Coca-Cola Resurrects Surge Online Because the Nineties are Back
We all know that the 1990s are back, at least in terms of fashion and music trends. But for a true nineties kid, it’s never going to feel like the nineties if we aren’t all getting hopped up and hypercaffeinated on the neon citrus soft drink bliss that is Surge, introduced in 1996 and tragically discontinued around 2002.
The Coca-Cola Company understands that. More importantly, it knows the kind of monetary force swelling behind the Millennial generation, between the younger Millennials reviving nineties trends today the older Millennials who lived through Surge the first time and still crave their nostalgic cult favorites. So in recognition of both sides of that lucrative coin, Coca-Cola is bringing back Surge after a twelve-year discontinuance.
Coca-Cola is citing Surge’s enthusiastic online fan base, petitioning the company for years with Facebook pages and news articles and roadside billboards, as the catalyst for this relaunch. “They’ve inspired us,” says Racquel Mason, associate vice president of sparkling flavors, Coca-Cola North America, in a press release for the Surge relaunch. “More than 128,000 people a dozen years after a brand left the market saying, ‘Please bring it back!’ That’s the best compliment any brand could hope for. “This is the ultimate test… Can 128,000 fans build and sustain a brand? We’ll see.”
But that does raise an interesting point: when you’re dealing with a niche product like this, it can be difficult to gauge true consumer demand. How many people really want Surge back, and how many people just like to talk about nostalgia items? How will the demand in one region compare to demand in another?
Instead of dealing with such logistics and putting stress on its supply chain over what could turn out to be a brief novelty offer, Coca-Cola has instead decided to take this launch online by partnering with Amazon to give its 1990s throwback a uniquely modern e-commerce rebirth.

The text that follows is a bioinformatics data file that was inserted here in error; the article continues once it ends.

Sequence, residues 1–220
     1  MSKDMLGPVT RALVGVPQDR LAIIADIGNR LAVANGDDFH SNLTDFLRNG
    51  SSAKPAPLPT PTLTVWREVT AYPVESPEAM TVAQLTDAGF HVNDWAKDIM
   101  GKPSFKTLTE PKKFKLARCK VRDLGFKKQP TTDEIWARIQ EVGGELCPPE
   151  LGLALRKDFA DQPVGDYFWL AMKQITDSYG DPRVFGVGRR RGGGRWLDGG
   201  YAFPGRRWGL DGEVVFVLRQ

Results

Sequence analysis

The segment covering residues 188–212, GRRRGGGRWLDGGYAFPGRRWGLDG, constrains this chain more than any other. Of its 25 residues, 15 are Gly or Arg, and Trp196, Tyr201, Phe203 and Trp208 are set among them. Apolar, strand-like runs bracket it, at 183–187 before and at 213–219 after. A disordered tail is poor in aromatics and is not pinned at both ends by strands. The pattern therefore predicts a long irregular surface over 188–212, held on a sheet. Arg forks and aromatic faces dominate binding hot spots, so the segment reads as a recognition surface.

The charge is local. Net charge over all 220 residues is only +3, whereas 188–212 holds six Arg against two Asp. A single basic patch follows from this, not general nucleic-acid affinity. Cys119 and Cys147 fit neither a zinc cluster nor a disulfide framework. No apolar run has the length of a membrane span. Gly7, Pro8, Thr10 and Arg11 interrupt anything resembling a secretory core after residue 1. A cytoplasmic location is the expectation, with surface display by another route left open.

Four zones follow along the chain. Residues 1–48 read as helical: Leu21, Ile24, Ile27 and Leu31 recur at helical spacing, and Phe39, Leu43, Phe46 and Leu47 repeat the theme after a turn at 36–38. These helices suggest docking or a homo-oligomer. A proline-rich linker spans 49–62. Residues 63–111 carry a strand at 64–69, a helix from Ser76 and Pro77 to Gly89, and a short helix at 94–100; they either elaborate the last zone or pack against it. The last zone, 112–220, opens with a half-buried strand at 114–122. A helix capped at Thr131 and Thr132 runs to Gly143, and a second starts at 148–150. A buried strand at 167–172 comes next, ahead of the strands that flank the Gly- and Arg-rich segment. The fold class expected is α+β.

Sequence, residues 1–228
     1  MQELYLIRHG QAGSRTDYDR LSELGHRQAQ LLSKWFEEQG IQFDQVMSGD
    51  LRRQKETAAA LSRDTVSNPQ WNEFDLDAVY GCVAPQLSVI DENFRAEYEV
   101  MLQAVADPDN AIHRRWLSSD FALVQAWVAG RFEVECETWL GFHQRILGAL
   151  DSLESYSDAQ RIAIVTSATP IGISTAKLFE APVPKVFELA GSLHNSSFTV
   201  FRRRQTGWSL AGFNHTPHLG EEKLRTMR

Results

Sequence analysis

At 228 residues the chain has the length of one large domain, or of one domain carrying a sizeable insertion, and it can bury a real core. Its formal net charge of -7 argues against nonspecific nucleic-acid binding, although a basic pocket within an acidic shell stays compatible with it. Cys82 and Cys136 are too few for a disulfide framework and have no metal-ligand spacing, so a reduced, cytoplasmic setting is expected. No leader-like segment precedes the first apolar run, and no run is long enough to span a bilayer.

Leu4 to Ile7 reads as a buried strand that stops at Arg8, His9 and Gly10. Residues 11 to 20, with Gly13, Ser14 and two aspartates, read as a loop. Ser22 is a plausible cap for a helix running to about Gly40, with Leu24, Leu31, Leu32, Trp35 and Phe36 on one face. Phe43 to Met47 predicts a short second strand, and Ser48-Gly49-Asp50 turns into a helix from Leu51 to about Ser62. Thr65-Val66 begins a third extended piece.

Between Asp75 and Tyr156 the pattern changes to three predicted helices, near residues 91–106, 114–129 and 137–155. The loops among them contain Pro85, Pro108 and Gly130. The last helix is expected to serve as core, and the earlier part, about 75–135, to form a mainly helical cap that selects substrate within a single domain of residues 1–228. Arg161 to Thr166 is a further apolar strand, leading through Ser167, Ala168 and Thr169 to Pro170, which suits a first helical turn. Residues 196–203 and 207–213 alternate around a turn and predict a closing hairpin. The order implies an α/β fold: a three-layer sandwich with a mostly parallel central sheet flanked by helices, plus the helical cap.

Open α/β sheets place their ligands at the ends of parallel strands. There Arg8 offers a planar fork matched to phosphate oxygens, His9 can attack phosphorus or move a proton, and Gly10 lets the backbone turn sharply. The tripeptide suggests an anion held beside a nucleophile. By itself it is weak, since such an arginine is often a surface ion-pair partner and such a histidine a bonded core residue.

“If expectations are met, this may be only the first of a variety of efforts we explore to launch niche products through e-commerce relationships,” said Wendy Clark, president of sparkling and strategic marketing, Coca-Cola North America, in Coca-Cola’s press release. “This will be a great learning experience for us and a refreshing opportunity for fans.”
“In this new era of marketing, we’re exploring segmented delivery of our portfolio to consumers,” adds Mason. “Previously, a smaller brand would never have had a realistic shot at commercialization. Now with Amazon, consumers can order a product like SURGE and have it delivered directly to their doorstep. It’s the democratization of demand.”
With that, original formula Surge will be available through http://www.amazon.com/surge in 12-count case packs for an as-of-yet unspecified price. It’s an interesting new frontier in retailing, especially from a major brand like Coca-Cola. If it pays off and Surge finds new sustained life in the digital retail channel, perhaps other companies will be inspired to do the same and revive some cult favorites of their own.
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